Dubai: A timely surgery at a Dubai private hospital helped save a high-profile visitor diagnosed with kidney cancer, with the patient being able to retain his kidney.
Citing the case as one of the finest examples of medical tourism in Dubai ahead of World Kidney Day on March 11, Dr Sanjay Bhat, specialist urologist at Prime Hospital, told Gulf News: “During a routine medical check-up at a Turkish hospital, this gentleman - former Nigerian minister Al Haji Buhari Bala, 62 - was detected with a tumour growing outside his left kidney. The tumour was malignant and measured about 6cm. He chose to fly in to Dubai expressly for the surgery in the first week of February.”
Meeting the challenge
Usually, in case of kidney cancers, surgeons have no option but to re-sect the entire kidney. But in this case, Dr Bhat explained: “It is rare to be able to save the kidney, which is a precious organ — especially in case of patients who have diabetes and hypertension as kidney damage is common among them. In this case, the patient suffered from both the conditions and it was imperative we save his kidney. We were able to do that because the tumour was growing outside the kidney and was less than 7cm in diameter.”
Dr Bhat added that kidney tumours excised at an early stage rarely reappeared and the patient has an excellent prognosis post-surgery. “People detected with malignant tumours growing outside the kidney, who underwent surgery at Stage I, had a survival rate of 93 per cent for the next five years.”
Usually, kidney cancers do not respond to radiation or chemotherapy, explained Dr Bhat. “The only way to deal with it is complete nephrectomy (resecting the entire kidney). In this case, because the tumour was growing outside the kidney and since the cancer was in Stage 1, I was able to successfully conduct partial nephrectomy. This means, we removed only a small part of the kidney, along with complete removal of the tumour. The patient was required to stay in hospital for only five days and was discharged and advised hospital visits over the next three weeks,” Dr Bhat added.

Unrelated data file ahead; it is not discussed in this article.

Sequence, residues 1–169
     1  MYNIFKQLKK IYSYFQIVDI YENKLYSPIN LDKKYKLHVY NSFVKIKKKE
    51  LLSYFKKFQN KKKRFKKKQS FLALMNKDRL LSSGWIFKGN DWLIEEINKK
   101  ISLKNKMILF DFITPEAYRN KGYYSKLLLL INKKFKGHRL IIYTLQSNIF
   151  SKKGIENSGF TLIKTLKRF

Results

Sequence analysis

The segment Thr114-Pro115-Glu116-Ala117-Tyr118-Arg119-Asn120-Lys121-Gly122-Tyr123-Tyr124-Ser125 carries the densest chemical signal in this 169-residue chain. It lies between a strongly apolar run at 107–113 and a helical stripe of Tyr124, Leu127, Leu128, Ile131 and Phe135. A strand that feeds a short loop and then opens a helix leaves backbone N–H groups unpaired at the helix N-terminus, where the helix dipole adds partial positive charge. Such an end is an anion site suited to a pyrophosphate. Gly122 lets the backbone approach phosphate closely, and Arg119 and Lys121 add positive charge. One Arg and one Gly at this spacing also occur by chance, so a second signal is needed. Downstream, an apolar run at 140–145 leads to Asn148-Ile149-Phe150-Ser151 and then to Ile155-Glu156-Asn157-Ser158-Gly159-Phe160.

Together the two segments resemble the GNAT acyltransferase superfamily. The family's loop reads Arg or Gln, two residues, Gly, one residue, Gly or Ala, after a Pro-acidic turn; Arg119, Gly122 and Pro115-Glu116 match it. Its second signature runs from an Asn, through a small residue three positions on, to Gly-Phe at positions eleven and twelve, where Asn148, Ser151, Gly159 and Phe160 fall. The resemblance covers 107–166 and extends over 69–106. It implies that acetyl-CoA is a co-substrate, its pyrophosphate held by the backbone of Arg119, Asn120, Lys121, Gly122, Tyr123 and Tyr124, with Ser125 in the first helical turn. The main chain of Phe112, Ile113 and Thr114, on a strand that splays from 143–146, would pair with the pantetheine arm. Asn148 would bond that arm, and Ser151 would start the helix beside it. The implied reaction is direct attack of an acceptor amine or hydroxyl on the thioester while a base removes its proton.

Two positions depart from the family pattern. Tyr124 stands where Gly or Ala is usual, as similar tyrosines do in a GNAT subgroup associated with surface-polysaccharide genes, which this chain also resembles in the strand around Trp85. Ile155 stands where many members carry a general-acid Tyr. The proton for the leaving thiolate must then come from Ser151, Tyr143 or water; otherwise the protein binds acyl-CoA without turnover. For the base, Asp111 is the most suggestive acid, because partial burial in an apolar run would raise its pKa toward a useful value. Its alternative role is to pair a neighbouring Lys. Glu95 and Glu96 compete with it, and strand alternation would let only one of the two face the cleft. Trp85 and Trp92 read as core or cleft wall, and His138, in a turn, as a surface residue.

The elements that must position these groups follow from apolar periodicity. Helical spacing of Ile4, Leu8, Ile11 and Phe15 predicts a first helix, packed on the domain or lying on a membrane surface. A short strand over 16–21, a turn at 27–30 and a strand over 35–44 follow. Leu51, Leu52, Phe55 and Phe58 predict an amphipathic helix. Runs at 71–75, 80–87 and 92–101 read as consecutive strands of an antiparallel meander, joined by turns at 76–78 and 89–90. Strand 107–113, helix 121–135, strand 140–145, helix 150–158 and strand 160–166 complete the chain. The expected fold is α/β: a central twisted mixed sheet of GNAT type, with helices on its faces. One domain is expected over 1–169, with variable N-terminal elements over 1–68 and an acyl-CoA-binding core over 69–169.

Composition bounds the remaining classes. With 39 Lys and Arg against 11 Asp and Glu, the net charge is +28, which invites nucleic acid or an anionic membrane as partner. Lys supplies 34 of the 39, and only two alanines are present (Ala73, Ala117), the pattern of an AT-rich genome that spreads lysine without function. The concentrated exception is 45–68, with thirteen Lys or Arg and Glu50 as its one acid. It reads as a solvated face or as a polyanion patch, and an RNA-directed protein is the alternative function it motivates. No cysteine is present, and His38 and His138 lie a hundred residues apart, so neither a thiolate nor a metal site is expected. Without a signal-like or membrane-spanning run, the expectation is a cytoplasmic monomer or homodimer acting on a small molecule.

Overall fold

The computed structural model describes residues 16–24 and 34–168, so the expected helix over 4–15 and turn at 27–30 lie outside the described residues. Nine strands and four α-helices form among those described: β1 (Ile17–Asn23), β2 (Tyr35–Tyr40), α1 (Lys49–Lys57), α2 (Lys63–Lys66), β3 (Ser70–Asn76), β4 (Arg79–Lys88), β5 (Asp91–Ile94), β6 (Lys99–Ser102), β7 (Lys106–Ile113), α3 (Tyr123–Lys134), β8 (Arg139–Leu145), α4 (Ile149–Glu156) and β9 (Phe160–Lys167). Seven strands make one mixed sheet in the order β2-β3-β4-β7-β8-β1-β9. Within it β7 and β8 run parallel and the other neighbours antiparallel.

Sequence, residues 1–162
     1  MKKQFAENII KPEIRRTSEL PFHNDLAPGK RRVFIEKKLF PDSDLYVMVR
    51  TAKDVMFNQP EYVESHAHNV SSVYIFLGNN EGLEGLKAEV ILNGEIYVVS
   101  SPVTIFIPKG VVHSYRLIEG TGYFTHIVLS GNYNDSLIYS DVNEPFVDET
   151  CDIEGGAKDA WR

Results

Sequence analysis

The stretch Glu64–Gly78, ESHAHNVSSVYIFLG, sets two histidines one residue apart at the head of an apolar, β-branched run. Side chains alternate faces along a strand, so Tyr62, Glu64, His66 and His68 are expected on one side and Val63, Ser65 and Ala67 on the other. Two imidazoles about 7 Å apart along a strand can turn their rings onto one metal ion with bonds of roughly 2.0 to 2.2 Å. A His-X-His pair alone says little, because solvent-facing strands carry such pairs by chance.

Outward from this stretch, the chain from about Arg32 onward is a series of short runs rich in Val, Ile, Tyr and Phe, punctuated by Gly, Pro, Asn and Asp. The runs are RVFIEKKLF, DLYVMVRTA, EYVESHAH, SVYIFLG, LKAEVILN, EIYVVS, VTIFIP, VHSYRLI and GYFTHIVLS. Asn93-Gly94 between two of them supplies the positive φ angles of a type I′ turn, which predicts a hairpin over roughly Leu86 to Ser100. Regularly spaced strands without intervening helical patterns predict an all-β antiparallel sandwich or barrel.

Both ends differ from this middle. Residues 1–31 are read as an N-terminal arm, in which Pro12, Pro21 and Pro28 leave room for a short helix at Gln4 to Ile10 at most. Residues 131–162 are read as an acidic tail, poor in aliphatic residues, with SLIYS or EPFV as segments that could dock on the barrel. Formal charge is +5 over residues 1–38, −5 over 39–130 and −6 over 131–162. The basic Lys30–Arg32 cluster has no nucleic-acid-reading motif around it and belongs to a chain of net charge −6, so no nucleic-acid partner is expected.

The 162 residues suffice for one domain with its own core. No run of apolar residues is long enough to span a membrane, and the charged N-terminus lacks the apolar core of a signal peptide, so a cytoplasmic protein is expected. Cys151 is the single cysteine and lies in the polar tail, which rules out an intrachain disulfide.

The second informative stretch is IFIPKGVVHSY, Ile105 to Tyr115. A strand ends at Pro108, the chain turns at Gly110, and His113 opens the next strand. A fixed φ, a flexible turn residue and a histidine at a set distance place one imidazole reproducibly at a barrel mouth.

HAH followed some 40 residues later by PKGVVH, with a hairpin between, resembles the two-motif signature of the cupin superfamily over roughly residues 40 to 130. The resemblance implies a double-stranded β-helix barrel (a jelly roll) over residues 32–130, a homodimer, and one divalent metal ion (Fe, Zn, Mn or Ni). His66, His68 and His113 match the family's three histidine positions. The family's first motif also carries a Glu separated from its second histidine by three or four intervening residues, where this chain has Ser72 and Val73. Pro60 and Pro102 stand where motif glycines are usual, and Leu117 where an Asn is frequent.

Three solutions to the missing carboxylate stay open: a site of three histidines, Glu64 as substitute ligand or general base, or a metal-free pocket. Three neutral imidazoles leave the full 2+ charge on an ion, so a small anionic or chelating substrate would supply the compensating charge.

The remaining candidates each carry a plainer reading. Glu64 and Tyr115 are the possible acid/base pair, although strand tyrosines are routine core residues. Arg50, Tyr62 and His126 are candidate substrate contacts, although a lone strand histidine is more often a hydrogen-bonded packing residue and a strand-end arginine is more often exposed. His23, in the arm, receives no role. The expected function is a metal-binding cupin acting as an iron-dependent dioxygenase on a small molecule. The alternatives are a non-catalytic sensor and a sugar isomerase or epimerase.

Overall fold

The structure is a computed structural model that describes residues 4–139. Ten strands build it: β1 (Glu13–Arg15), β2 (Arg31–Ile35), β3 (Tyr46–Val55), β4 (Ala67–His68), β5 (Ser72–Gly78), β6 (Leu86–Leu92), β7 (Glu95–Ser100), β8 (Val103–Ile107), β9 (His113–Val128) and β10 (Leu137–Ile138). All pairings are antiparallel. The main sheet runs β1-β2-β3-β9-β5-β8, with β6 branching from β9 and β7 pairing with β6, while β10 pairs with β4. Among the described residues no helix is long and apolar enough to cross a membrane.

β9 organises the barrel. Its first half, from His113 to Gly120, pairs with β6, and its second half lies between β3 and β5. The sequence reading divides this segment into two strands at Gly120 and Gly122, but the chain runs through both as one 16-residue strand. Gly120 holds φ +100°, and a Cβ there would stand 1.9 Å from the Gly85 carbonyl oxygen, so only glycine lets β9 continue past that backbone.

Early discharge from the hospital allowed patient Bala to soak up the sights and sounds of this beautiful city. His nephrectomy was conducted through a laparoscope, which assured quick recovery. He was able to recuperate very well and go on a sight-seeing trip of the emirate. Once he got an all-clear from the doctors, three weeks after the surgery, Bala flew back to Nigeria late last month.
Bala, speaking to Gulf News from his home, said: “Last month, as soon as my cancer was detected, I did research and Dr Bhat’s name came up. After having called him up and discussed the issue with him, I was in Dubai for the surgery, 48 hours after the diagnosis. I was fortunate as the cancer was detected at Stage I during a routine diagnosis. I was in hospital for exactly five days after the surgery and my recovery went very well. I remained in Dubai for an additional two weeks as Dr Bhat wanted to see me three weeks after the surgery to give me a clean chit to undertake air travel. I got an opportunity to see all the landmarks of this beautiful city as I did very well after the surgery. It was a unique experience for me,” said Bala, whose son completed his medical degree in India and is now practising in the United Kingdom. He commended the excellent inpatient and outpatient services at Prime Hospital in Dubai.
How common is kidney cancer?
Compared to breast, lung, prostrate and other more common cancers, incidence of kidney cancers is sixth on the list, worldwide, and therefore it is considered relatively less common.
According to Dr Bhat, cancers of the vital abdominal organs such as liver, kidney and gall bladder occur in people who typically have high-fat and high-protein diet. People suffer from renal cell carcinoma, which is a malignant tumour growth outside the kidney.
Other more common causes of kidney cancers are:
• History of cancer in the family